Should Outsiders Be Meddling In Indonesia’s Religious Affairs? その他

A woman who is a member of Ahmadiyah Islamic sect, whose son and two others died in a mob attack, walks by the remains of a family home after it was burned in Pandeglang, Banten. (AFP Photo/Nurani Nuutong)
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As local authorities debate over banishing Indonesia’s Ahmadiyah Muslim sect and several congregations remain barred from their houses of worship, President Susilo Bambang Yudhoyono this week will jet off to the United States and address an audience specifically concerned with respect for religious freedom. But it will not be an occasion for the country’s leader to be criticized.
Instead he will be the guest of honor at a ceremony hosted by New York-based Appeal of Conscience Foundation. There he is expected to accept an award from the interfaith coalition of business leaders “in recognition of his work to support human rights and religious freedom in the country.”
Yudhoyono’s nomination for the World Statesman Award has sparked outrage within Indonesia. Many have complained that this “inappropriate” recognition propels an idealistic notion to the world that Indonesia is, in fact, a model of religious harmony, which begs the broader question as to what role the international community should play within Indonesia’s struggle for religious tolerance.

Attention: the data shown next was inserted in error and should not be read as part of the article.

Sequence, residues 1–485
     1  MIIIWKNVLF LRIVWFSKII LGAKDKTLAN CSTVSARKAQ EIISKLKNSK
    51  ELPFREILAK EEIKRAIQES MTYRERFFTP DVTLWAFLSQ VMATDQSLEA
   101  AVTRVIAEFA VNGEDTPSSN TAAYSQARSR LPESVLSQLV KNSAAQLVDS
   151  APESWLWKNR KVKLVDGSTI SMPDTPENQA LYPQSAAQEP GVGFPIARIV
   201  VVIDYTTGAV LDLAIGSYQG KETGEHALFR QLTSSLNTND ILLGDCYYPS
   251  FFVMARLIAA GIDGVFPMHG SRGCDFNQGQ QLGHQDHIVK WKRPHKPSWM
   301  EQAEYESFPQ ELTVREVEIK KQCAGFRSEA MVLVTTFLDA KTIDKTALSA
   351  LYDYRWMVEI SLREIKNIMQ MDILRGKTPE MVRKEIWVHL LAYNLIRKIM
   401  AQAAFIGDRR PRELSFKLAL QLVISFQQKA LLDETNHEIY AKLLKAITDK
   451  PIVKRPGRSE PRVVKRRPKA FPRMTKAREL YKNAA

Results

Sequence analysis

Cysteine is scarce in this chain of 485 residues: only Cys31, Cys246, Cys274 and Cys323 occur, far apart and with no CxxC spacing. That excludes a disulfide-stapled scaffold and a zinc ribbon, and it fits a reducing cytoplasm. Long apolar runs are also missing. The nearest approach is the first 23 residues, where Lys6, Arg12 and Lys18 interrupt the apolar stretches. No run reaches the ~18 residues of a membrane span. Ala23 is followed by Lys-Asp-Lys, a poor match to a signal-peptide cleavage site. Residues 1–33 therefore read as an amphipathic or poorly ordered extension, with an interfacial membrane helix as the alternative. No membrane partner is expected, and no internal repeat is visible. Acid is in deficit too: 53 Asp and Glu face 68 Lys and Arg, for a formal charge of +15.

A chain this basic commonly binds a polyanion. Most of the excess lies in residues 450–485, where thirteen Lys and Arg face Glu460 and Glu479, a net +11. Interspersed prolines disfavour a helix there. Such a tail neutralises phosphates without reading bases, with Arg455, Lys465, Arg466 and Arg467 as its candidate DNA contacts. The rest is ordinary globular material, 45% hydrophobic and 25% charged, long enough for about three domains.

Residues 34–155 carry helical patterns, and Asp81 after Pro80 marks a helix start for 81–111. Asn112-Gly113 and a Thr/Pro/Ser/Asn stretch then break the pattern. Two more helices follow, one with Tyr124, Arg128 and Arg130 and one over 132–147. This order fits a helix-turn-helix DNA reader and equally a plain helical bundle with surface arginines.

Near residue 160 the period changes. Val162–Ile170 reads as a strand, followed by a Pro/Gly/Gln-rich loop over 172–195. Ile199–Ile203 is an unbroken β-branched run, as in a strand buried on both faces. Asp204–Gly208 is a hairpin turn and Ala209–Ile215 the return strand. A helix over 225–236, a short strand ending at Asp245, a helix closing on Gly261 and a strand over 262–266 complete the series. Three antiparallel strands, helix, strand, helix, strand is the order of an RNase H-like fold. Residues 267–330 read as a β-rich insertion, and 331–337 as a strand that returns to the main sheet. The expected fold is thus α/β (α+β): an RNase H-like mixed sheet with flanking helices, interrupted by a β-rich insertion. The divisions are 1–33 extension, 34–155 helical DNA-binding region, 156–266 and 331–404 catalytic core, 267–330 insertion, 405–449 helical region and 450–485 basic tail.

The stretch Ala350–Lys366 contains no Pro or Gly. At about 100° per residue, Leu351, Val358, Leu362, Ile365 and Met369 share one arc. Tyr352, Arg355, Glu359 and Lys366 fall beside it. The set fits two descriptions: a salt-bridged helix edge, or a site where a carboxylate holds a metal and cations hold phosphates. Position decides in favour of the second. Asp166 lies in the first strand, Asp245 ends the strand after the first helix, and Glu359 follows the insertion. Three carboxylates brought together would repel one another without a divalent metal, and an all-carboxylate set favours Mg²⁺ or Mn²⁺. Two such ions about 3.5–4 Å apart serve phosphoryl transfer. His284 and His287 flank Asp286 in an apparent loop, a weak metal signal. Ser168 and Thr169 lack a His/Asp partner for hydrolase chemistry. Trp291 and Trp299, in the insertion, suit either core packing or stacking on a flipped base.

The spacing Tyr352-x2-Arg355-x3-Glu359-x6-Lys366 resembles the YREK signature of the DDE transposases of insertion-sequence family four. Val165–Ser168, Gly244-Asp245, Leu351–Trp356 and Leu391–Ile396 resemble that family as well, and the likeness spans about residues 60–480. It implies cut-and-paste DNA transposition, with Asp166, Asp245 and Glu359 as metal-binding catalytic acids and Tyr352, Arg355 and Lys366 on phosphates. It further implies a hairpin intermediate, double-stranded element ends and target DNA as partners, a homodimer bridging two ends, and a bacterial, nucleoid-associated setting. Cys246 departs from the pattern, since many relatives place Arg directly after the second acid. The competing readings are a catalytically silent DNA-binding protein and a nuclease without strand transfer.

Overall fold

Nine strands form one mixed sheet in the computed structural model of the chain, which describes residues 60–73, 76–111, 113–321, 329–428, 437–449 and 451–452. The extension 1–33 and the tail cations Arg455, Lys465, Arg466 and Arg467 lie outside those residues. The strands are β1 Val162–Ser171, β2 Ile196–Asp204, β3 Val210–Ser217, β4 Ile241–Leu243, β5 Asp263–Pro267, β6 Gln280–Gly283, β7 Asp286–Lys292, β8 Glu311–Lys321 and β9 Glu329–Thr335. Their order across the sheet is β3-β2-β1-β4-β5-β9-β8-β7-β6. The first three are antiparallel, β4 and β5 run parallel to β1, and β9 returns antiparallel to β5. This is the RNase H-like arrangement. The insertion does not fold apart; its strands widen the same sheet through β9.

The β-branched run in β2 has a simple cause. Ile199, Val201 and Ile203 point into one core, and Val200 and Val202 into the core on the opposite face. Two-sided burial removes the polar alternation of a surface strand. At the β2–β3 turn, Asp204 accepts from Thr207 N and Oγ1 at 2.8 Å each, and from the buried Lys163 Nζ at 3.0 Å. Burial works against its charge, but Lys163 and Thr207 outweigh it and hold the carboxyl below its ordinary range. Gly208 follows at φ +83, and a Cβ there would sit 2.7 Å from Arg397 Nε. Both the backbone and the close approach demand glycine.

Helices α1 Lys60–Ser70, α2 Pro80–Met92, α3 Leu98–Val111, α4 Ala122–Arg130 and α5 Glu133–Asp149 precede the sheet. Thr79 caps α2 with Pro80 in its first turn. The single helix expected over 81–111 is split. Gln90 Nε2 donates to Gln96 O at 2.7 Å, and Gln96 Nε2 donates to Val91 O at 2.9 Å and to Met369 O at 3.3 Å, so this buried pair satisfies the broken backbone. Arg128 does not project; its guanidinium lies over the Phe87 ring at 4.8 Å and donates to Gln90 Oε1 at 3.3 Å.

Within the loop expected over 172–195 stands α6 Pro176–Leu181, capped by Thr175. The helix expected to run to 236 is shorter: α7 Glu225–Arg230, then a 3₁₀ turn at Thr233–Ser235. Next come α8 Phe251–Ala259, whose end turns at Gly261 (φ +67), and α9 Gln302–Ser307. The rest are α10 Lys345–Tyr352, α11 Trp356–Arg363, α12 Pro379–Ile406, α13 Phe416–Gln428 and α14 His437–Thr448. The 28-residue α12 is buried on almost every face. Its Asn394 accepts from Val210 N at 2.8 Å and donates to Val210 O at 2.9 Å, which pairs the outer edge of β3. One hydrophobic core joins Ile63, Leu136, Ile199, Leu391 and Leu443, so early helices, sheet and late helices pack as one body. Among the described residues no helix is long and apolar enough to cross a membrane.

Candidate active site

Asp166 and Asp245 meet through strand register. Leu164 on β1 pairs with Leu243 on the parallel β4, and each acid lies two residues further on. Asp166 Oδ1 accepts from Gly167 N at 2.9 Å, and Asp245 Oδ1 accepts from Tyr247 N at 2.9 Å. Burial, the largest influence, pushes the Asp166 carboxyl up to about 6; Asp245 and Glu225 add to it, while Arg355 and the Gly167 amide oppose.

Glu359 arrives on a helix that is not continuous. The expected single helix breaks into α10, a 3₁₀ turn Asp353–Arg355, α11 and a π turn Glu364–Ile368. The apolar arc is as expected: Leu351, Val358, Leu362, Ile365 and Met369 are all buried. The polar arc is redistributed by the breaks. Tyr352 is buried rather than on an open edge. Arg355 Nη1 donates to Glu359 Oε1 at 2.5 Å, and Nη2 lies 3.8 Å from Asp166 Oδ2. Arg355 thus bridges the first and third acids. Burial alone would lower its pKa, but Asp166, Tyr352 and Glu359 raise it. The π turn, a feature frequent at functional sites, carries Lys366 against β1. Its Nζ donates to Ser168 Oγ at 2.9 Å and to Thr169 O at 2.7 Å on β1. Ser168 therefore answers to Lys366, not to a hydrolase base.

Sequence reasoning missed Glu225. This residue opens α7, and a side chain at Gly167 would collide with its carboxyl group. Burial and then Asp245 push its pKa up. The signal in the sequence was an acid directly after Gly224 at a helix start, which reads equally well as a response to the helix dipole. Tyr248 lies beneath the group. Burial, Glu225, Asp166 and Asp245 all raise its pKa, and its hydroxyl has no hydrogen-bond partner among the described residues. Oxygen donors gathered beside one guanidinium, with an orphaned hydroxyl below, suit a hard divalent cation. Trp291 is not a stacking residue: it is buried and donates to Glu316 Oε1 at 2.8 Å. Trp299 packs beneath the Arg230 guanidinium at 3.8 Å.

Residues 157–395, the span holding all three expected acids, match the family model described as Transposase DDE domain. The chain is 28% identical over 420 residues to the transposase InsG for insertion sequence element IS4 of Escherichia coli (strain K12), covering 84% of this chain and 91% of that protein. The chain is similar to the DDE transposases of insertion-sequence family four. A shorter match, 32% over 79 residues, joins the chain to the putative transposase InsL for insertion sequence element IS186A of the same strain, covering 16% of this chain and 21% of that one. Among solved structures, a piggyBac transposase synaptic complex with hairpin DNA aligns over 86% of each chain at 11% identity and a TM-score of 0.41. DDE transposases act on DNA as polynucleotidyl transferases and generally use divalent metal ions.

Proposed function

For Andreas Harsono, researcher for Human Rights Watch in Indonesia, the ACF’s decision to award the country’s president is a source of significant frustration.
“We are concerned because it will send the wrong message about Indonesia,” he said.
In February the international rights group released a report documenting numerous instances and statistics that pointed to an escalation of religious intolerance and faith-motivated violence throughout the archipelago. It also strongly condemned the government’s “complicity” in tackling the trend.

A disconnect
Riding on global publicity that the report attracted, Andreas has been traveling throughout the United States and Europe promoting HRW’s concerns and findings. Yet he says the tour has been plagued by a disconnect between how world leaders describe the state of religious harmony in Indonesia and what is actually happening on the ground.

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